BOURBONNAIS, Ill. — For Jay Cutler the expectations have always been near max-levels. That happens when the Almighty blesses you with a thunderbolt for a right arm.
Those expectations ramped up a level when the Bears lavished $54 million guaranteed on him for three years, an amount in the range of the for-sure money Green Bay gave Aaron Rodgers. The expectations are now in the fullest possible bloom, entering the second year with a coaching staff to his liking, behind an offensive line he trusts and surrounded by so-called skill position players the equal of any in the NFL.
Cutler already responded to being surrounded by the cast of Martellus Bennett, Matt Forte, Alshon Jeffery and Brandon Marshall by posting the best passer rating of his career. But a note of perspective is that even with those weapons and that coaching support system, his rating was 89.2, which is lower than anything Rodgers has done since become the Packers’ starter, anything Drew Brees has done in his eight years as New Orleans’ starter or Peyton Manning has done in his last 10 seasons.
An 89.2 is not good enough for a championship quarterback. The organization is expecting more, Cutler expects more and there are signs that the Jay Cutler 2014 already is taking the steps toward another level of operation.
Besides something as small as getting out of his cart to sign autographs for fans on Monday, “it’s obvious in practice that Jay is taking more and more control by the day,” said offensive coordinator Aaron Kromer. “Not that he didn't before — he did — but with his comfort level with all of the things we’re trying to get done, he’s able to solve some of his own problems on the field, even when he didn't maybe have that answer taught to him yet.
“He’s doing an excellent job, as well as the other quarterbacks, but it’s really helped that Jay has studied really hard all offseason. He’s worked on his technique. He’s been one of the hardest working guys on the team this offseason.”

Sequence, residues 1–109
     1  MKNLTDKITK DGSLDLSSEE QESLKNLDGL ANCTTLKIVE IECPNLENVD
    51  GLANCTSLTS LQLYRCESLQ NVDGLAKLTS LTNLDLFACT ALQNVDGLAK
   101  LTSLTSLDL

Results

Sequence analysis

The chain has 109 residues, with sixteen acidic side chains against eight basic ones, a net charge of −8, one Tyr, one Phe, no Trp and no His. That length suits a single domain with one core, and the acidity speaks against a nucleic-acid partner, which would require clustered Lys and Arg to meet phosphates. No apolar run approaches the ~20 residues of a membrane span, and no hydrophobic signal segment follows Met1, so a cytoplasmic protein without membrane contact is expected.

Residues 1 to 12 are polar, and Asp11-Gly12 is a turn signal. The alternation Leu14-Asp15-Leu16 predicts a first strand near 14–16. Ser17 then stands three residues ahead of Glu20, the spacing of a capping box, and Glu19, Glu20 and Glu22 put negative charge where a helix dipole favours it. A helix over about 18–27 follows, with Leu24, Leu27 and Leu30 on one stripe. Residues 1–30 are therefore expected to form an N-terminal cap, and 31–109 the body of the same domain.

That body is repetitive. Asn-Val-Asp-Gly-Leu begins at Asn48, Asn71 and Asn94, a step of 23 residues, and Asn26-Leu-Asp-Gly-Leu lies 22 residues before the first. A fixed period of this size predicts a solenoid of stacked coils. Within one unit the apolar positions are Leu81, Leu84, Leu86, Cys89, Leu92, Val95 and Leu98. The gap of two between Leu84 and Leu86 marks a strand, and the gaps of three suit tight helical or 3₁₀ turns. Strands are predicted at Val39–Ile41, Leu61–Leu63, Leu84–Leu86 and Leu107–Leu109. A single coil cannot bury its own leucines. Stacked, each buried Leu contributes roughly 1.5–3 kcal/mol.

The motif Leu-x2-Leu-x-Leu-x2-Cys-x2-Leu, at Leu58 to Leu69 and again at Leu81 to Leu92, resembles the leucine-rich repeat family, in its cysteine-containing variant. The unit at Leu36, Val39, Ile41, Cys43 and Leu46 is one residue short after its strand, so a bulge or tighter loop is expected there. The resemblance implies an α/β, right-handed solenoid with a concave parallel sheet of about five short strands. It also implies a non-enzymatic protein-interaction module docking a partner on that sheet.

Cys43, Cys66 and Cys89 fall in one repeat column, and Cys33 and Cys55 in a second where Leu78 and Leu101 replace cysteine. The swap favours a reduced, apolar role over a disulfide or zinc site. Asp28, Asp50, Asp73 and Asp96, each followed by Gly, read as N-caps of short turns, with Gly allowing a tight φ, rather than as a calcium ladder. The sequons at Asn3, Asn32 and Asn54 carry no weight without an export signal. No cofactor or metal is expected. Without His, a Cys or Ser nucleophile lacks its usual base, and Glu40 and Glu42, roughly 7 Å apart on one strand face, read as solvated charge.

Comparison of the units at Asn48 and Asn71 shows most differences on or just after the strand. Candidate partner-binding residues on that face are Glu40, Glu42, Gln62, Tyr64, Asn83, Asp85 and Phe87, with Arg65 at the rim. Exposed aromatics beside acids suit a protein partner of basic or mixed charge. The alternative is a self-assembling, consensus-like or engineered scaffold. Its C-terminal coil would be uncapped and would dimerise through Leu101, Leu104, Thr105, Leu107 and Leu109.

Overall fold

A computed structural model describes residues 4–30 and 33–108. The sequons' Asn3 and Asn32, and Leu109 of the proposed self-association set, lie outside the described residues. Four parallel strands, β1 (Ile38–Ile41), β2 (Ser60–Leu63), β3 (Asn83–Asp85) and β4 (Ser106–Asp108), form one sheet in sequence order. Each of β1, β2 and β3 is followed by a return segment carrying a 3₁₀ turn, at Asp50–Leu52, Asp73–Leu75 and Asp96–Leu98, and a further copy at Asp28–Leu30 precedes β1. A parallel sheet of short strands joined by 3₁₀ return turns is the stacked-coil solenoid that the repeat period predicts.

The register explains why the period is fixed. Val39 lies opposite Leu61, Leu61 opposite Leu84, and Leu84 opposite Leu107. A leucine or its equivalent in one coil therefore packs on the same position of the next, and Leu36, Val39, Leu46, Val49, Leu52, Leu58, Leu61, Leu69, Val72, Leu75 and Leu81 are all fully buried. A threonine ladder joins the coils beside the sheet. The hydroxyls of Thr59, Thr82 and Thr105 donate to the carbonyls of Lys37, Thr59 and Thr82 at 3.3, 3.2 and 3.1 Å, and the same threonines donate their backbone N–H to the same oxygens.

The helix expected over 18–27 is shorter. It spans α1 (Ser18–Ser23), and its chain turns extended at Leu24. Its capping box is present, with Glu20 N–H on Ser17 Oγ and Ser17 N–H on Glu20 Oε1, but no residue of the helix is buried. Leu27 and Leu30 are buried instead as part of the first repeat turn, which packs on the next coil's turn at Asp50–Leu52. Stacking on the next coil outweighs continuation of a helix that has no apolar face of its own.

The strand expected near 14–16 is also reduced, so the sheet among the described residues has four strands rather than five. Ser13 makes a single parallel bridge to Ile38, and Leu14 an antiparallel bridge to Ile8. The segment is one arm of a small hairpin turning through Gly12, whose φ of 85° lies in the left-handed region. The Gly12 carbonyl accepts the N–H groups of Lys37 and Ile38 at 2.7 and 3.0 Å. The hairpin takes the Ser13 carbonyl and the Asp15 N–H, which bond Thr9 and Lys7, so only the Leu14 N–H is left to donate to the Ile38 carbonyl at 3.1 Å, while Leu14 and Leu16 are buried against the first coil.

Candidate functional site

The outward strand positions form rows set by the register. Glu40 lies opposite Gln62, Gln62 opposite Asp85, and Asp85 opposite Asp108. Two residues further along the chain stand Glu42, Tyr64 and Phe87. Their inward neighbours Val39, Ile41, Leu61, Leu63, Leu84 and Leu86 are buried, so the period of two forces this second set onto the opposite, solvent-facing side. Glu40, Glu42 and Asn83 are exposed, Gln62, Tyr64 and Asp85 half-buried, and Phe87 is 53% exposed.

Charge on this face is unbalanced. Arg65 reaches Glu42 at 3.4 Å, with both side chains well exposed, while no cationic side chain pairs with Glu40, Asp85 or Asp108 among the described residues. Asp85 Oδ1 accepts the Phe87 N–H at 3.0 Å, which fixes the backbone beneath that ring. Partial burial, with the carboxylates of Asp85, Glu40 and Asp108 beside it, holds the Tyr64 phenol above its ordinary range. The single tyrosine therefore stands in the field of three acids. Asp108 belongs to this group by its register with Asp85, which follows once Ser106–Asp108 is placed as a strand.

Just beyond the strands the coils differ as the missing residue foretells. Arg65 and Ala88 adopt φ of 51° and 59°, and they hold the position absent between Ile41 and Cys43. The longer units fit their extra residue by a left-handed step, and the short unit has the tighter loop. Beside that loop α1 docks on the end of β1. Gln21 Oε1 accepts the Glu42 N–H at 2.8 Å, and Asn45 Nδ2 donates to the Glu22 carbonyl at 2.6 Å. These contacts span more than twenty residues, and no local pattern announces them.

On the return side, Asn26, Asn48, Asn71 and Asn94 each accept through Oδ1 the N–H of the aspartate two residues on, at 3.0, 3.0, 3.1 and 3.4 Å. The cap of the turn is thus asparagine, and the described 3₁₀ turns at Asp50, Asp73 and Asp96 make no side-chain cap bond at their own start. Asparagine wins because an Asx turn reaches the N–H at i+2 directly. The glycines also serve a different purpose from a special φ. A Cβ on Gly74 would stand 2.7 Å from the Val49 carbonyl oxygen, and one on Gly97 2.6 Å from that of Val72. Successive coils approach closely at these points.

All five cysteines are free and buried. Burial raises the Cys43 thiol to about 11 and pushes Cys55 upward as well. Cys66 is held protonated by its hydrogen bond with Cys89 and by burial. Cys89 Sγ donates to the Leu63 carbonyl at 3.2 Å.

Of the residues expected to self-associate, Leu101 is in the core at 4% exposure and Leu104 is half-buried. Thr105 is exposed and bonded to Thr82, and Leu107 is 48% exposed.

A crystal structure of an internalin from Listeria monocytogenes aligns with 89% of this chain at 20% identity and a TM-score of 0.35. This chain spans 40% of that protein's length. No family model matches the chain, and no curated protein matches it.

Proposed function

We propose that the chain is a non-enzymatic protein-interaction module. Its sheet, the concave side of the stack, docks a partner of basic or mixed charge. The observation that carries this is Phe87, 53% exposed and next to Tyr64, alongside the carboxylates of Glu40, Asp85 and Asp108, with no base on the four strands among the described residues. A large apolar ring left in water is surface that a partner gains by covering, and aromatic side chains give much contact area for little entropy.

The decision-making issues are not necessarily all resolved just because Cutler is in more control. Cutler was always in some kind of control when he forced throws where they didn’t belong; as recently as Monday morning’s practice, Cutler tried to force a throw to Marshall in the deep middle, only to have it tipped by middle linebacker Jon Bostic and intercepted by nickel back Kelvin Hayden.
But the new coaching staff has designed the offense to utilize Cutler’s footspeed as well as his throwing abilities. The plan is for him to use more of his instincts, a decidedly different approach from what Cutler operated under with Mike Martz, for example.
“It happens both in the protection game, because of his acumen,” said coach Marc Trestman. “He’s played this game a long time. And he’s a nine-, 10-year veteran. He’s seen it all.
“He’s also doing it within the framework of our passing game. He’s able to get guys in the right position, change routes quickly and get the best and most out of each and every play. That is kind of where he is. He is kind of fixing it at the line of scrimmage when he needs to get it done.”